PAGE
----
Welcome, Guest. Please login or register.

December 14, 2019, 07:28:23 am

Author Topic: High Court Case that...  (Read 1838 times)  Share 

0 Members and 1 Guest are viewing this topic.

costargh

  • Guest
High Court Case that...
« on: November 11, 2007, 08:44:14 pm »
0
Hey
I was wondering if anyone knew a High Court case where the Constitution was interpreted and the result was a greater level of power for the states?

I only know examples for when the Commonwealth gained more law making powers through the interpretation of the Constitution.

Oh and btw while studying tonight I realised that I was calling express (also known as entrenched rights) , express (also known as ENUMERATED rights). Stupid teacher didnt even pick it up in my trial exams that she corrected. GRRR

brendan

  • Guest
High Court Case that...
« Reply #1 on: November 11, 2007, 10:27:35 pm »
0
hrm that is a tough one

Pencil

  • Victorian
  • Forum Leader
  • ****
  • Posts: 575
  • Respect: +3
High Court Case that...
« Reply #2 on: November 11, 2007, 10:32:32 pm »
0
State Banking Case (1947)
edit: although I don't think the states gained more power, it was just that the clth upheld the rights of the states to be free of political interference by the clth

brendan

  • Guest
High Court Case that...
« Reply #3 on: November 11, 2007, 10:37:00 pm »
0
The Constitution predicates the separate organisation of the Commonwealth and State governments, ?their continued existence as independent entities?,[16] and that Commonwealth legislation cannot impose a ?special burden? on a State which would have the effect of curtailing the State?s capacity to carry out essential governmental functions.[17]

[16] Melbourne Corporation v Commonwealth (1947) 74 CLR 31 at 82 per Dixon J. See, also, Victoria v Commonwealth (1971) 122 CLR 353, per Barwick CJ at 372, per Gibbs J at 424; Queensland Electricity Commission v Commonwealth (1985) 159 CLR 192, per Gibbs CJ at 206, per Mason J at 217, per Deane J at 247.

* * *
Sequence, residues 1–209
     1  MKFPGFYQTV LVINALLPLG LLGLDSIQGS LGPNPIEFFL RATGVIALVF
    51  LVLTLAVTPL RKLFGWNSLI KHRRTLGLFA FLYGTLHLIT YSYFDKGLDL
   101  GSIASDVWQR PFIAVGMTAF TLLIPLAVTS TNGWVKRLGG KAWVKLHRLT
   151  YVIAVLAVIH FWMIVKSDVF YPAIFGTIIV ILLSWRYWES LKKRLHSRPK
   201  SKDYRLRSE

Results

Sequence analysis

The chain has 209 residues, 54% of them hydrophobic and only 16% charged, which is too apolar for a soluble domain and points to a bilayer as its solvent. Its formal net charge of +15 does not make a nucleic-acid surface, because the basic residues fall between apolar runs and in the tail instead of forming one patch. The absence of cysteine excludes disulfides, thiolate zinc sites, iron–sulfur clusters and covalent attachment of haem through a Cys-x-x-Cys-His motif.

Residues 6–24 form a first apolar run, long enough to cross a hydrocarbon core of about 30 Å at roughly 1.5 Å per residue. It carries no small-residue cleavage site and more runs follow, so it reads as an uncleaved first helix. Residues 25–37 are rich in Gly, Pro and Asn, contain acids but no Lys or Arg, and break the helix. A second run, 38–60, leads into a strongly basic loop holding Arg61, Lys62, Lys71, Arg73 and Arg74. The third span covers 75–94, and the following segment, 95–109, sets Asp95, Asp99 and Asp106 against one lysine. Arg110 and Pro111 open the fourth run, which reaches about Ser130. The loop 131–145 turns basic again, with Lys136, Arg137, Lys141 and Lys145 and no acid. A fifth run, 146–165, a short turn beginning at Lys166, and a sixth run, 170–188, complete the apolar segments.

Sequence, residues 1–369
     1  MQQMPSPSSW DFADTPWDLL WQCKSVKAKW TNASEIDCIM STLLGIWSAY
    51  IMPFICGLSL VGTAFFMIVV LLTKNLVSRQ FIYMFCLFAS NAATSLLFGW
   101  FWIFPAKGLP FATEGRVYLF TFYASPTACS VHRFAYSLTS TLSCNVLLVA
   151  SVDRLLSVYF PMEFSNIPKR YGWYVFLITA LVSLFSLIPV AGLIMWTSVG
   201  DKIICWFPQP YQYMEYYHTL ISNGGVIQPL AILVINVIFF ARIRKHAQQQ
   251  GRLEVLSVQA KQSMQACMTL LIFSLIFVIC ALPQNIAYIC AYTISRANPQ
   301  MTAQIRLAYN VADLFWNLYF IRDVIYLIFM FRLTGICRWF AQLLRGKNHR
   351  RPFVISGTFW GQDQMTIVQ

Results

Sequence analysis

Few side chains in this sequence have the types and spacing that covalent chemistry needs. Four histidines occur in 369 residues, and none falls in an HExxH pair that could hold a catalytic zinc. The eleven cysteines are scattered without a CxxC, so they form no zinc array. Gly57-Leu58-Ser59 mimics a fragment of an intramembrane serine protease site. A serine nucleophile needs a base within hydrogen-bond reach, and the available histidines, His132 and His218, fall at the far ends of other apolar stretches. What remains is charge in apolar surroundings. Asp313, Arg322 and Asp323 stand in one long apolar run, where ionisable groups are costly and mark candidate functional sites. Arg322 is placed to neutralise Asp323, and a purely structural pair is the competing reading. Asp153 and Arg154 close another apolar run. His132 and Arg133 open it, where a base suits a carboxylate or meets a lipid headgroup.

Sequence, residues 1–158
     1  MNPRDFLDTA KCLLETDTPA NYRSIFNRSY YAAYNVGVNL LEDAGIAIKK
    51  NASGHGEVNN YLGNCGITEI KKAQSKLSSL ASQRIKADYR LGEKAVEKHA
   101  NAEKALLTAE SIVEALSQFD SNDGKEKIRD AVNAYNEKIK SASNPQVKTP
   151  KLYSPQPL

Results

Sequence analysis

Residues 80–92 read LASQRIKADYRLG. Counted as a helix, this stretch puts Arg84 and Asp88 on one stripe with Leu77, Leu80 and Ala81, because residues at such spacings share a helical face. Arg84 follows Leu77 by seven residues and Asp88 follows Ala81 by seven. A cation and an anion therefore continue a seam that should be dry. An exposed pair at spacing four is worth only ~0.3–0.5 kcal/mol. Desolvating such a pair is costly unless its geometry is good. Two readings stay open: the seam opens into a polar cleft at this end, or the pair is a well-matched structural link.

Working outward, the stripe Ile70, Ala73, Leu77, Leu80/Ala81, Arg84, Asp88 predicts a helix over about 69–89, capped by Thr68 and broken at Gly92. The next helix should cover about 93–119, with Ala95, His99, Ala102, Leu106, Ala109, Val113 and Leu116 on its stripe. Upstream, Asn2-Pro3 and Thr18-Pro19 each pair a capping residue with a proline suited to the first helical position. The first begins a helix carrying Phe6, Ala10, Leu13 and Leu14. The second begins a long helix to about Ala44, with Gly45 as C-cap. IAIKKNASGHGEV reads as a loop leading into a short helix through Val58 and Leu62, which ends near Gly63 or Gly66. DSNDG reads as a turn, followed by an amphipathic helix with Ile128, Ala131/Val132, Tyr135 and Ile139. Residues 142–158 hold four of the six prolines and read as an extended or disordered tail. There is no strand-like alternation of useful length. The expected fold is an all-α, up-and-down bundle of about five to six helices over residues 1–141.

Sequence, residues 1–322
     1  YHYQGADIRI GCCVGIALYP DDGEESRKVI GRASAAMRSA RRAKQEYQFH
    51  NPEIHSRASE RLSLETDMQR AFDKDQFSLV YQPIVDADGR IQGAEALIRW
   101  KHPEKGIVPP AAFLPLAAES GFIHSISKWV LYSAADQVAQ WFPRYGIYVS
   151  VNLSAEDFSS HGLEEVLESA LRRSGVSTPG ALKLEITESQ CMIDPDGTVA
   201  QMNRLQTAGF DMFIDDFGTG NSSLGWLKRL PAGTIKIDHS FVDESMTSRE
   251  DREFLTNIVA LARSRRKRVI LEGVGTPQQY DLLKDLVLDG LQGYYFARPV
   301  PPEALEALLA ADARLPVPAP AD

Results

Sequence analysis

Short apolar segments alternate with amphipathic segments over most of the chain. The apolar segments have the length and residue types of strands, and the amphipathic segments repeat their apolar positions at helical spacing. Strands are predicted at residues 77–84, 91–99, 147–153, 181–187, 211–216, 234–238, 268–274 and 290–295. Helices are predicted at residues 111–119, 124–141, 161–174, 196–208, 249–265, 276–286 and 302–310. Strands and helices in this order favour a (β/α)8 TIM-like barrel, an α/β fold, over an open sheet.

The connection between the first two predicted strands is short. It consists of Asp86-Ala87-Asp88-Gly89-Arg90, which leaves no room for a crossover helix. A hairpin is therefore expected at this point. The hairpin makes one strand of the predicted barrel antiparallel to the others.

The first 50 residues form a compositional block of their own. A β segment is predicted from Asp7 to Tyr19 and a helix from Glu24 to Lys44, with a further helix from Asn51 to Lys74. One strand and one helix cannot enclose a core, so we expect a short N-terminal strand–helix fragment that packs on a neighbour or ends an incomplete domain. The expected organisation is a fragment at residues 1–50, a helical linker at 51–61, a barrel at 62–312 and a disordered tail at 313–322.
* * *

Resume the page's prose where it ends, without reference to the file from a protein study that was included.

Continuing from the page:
[17] Austin v Commonwealth (2003) 215 CLR 185.

Extracted from my Workchoices paper.

brendan

  • Guest
High Court Case that...
« Reply #4 on: November 11, 2007, 10:55:13 pm »
0
"The foundation of the Constitution is the conception of a central government and a number of State governments separately organised. The Constitution predicates their continued existence as independent entities.": Melbourne Corporation v The Commonwealth (1947) 74 CLR 31 at 82 per Dixon J

In the joint judgment of six members of the Court in Re Australian Education Union; Ex parte Victoria (1995) 184 CLR 188, after discussing the judgment of Dixon J in Melbourne Corporation, their Honours said (at 227): "Although the comments of Dixon J were couched principally in terms of discrimination against States and the imposition of a particular disability or burden upon an operation or activity of a State or the execution of its constitutional powers, his Honour clearly had in mind, as did Latham CJ, Rich and Starke JJ, that the legislative powers of the Commonwealth cannot be exercised to destroy or curtail the existence of the States or their continuing to function as such[1]."

"The question presented by the doctrine in any given case requires assessment of the impact of particular laws by such criteria as "special burden" and "curtailment" of "capacity" of the States "to function as governments". These criteria are to be applied by consideration not only of the form but also "the substance and actual operation"[2] of the federal law": Austin v Commonwealth 215 CLR 185 per Gaudron, Gummow and Hayne JJ.  

[1] Melbourne Corporation v The Commonwealth (1947) 74 CLR 31 at 56, 60 per Latham CJ, 66 per Rich J, 74 per Starke J, 82 per Dixon J; see also Bank of NSW v The Commonwealth (1948) 76 CLR 1 at 337-338 per Dixon J.

[2] Re Australian Education Union; Ex parte Victoria (1995) 184 CLR 188 at 240; Queensland Electricity Commission v The Commonwealth (1985) 159 CLR 192 at 249-250; Victoria v The Commonwealth (1996) 187 CLR 416 at 500.

igs07

  • Victorian
  • Forum Regular
  • **
  • Posts: 57
  • Respect: 0
High Court Case that...
« Reply #5 on: November 12, 2007, 10:49:52 am »
0
Just use one that gives more powers to the Commonwealth, the exam is certainly not going to ask you to give an example that gives powers to the states, so why bother?

igs07

  • Victorian
  • Forum Regular
  • **
  • Posts: 57
  • Respect: 0
High Court Case that...
« Reply #6 on: November 12, 2007, 10:52:43 am »
0
The good old R v. Brislan (1935) case.